In March, the House of Representatives of the Commonwealth of the Northern Mariana Islands (CNMI) unanimously passed legislation to revise the territory’s budget in light of projections revealing the government had less funds to work with than they had anticipated. Governor Arnold Palacios (I) signed the bill in April, but not without vetoing specific provisions that, he said, were inconsequential to the numbers but redundant or onerous.
Specifically, Palacios vetoed two sections—604 and 713—which would later prove significant. Section 604 concerned the American Rescue Plan (ARPA), an economic stimulus package signed by President Joe Biden (D) in 2021, which, among other provisions, assigned discretionary funds to states and territories. The section mandated that any future ARPA spending must be approved by the Northern Mariana -Islands’ legislature “after collaboratively consulting with the [governor’s] administration.” Governor Palacios took umbrage with this wording, calling the provision unconstitutional and arguing that all legislation must be signed by the governor, not merely consulted over. Palacios also vetoed Section 713, which would have provided select legislative offices with real-time access to the Department of Finance’s monetary information. Palacios called such a measure “counterproductive,” saying that the department would instead release such information after a delay in order to ensure the quality of the data and “explain the information… to the legislature.”
Senate President Edith Guerrero (D), a senator from Saipan, criticized Palacios’ vetoes, suggesting they were hypocritical and opaque. Regarding Section 604, Guerrero took issue with Palacios’ handling of ARPA funds broadly, suggesting the governor had laid off commonwealth employees whose salaries were initially paid by ARPA funds, even though those funds still remained. As for Section 713, Guerrero argued that Palacios’ efforts to deny the legislature real-time financial information were a move against transparency and accountability. The Senate voted on a motion to override the Governor’s veto, which failed with four ayes, two nays, and three absences.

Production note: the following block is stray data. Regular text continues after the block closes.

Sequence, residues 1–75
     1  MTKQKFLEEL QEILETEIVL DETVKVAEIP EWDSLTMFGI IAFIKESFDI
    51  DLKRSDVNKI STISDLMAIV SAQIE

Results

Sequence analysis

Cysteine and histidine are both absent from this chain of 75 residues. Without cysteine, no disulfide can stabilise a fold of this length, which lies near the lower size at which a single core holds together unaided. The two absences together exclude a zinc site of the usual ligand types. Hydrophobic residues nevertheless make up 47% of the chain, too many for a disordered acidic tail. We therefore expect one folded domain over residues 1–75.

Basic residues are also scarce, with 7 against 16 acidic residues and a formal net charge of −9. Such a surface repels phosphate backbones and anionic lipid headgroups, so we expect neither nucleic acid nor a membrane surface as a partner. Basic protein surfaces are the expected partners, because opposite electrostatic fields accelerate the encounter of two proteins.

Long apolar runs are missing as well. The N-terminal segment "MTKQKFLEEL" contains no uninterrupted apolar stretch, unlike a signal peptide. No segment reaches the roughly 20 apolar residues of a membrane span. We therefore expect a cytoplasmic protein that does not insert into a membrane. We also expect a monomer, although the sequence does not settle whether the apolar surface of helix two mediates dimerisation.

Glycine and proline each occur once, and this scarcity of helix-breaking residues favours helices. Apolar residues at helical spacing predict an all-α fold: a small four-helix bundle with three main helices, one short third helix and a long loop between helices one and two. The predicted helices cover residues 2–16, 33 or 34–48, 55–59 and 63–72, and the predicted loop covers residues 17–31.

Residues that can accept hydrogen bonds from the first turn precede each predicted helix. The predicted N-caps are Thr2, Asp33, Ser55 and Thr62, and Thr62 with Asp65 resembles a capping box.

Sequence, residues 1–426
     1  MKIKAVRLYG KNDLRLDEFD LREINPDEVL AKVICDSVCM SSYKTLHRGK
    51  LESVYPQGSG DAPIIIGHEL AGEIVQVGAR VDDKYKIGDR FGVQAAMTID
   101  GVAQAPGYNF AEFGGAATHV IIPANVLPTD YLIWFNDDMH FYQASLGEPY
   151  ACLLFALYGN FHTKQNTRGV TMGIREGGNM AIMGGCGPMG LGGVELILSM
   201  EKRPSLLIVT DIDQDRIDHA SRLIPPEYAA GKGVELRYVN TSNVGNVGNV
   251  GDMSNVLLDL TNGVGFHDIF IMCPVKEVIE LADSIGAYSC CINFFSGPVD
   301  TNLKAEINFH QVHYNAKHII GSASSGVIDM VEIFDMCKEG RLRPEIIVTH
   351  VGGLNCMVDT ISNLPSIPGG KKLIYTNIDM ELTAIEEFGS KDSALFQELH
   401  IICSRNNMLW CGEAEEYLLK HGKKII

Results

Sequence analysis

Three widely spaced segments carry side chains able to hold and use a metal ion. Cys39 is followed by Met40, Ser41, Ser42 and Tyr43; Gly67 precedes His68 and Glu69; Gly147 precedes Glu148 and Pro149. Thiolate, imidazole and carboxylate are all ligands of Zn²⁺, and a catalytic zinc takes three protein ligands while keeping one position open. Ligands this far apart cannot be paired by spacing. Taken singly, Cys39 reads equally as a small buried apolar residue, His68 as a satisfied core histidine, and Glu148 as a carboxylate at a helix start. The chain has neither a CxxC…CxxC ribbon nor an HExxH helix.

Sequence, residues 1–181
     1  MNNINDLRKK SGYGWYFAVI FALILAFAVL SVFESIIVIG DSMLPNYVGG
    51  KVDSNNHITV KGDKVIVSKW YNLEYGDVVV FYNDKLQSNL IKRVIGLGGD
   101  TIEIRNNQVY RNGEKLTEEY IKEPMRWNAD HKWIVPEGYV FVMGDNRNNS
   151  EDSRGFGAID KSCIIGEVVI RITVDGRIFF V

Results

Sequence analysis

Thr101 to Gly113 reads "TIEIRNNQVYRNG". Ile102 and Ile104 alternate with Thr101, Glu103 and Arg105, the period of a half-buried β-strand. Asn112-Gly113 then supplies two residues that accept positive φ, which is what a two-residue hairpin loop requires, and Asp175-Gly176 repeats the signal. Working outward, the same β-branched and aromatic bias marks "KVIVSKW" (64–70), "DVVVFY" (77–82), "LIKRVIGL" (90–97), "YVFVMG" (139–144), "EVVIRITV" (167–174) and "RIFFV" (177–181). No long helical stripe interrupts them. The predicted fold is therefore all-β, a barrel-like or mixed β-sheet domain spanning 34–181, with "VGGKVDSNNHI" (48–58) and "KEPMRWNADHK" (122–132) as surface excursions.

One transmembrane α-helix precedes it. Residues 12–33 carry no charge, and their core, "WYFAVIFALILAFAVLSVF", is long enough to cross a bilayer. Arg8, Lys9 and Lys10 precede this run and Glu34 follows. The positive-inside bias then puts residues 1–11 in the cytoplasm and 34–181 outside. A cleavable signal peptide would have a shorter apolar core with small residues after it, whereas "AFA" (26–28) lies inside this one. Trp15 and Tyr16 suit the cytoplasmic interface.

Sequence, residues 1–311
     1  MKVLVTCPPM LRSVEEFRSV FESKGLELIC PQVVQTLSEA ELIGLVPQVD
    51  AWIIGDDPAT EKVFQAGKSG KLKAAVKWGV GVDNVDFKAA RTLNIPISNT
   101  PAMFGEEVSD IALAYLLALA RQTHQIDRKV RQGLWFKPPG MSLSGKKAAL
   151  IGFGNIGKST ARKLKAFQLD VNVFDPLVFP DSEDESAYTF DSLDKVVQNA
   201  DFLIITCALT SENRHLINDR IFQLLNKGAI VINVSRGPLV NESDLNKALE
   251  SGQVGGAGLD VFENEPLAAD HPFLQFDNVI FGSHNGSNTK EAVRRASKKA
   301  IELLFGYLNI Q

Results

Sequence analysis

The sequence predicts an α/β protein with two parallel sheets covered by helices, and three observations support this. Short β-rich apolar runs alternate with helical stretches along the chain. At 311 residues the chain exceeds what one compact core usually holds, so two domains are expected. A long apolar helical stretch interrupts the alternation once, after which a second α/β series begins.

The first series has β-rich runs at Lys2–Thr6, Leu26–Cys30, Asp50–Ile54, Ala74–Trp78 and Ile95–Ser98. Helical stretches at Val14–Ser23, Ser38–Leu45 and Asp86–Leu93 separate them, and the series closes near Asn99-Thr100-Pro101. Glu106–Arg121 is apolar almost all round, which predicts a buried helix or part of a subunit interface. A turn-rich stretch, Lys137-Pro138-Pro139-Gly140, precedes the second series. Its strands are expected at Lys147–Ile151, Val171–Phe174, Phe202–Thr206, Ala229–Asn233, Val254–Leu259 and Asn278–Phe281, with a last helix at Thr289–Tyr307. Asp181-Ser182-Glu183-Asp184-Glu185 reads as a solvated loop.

Following the motion, Senator Celina Babauta (D) of Saipan, who voted not to override the veto, criticized the proceedings as a whole. She suggested the motion to override was performative and doomed to fail since the Senate voted on the motion only a day before the deadline to override a governor’s veto expired. Even if the Senate successfully voted to override, the House would not have been able to vote in time.
The political fight over the budget revisions has also grown to directly involve the Department of Finance. Senator Guerrero recounted that she had requested live access to financial data as early as January in order to sort out confusion regarding ARPA funding. At the time, that access had been granted but then was revoked by Governor Palacios’ veto of Section 713. Such retroactive policy, she suggested, further delegitimized the governor’s office and the Department of Finance. Senator Guerrero then directly attacked Finance Secretary Tracy Norita, calling the Department of Finance’s statements regarding ARPA funding inconsistent and borne out of a desire to appear “politically correct.” Lastly, she defended herself against Senator Babauta’s comments, insisting the Senate’s motion to override Palacios’ veto was not an “exercise in futility,” as Babauta had termed it, but a meaningful challenge to misconduct on the governor’s part.
What was initially a trivial veto of seemingly minor line-item provisions in the revised budget bill has grown into a political controversy involving the Northern Mariana Islands’ governor, Senate president, and Department of Finance. At the heart of the controversy are questions of financial transparency, constitutional separation of powers, and accountability. Whether the legislature will be granted access to the commonwealth’s financial records and whether the allegedly remaining ARPA money will be recovered remain to be seen.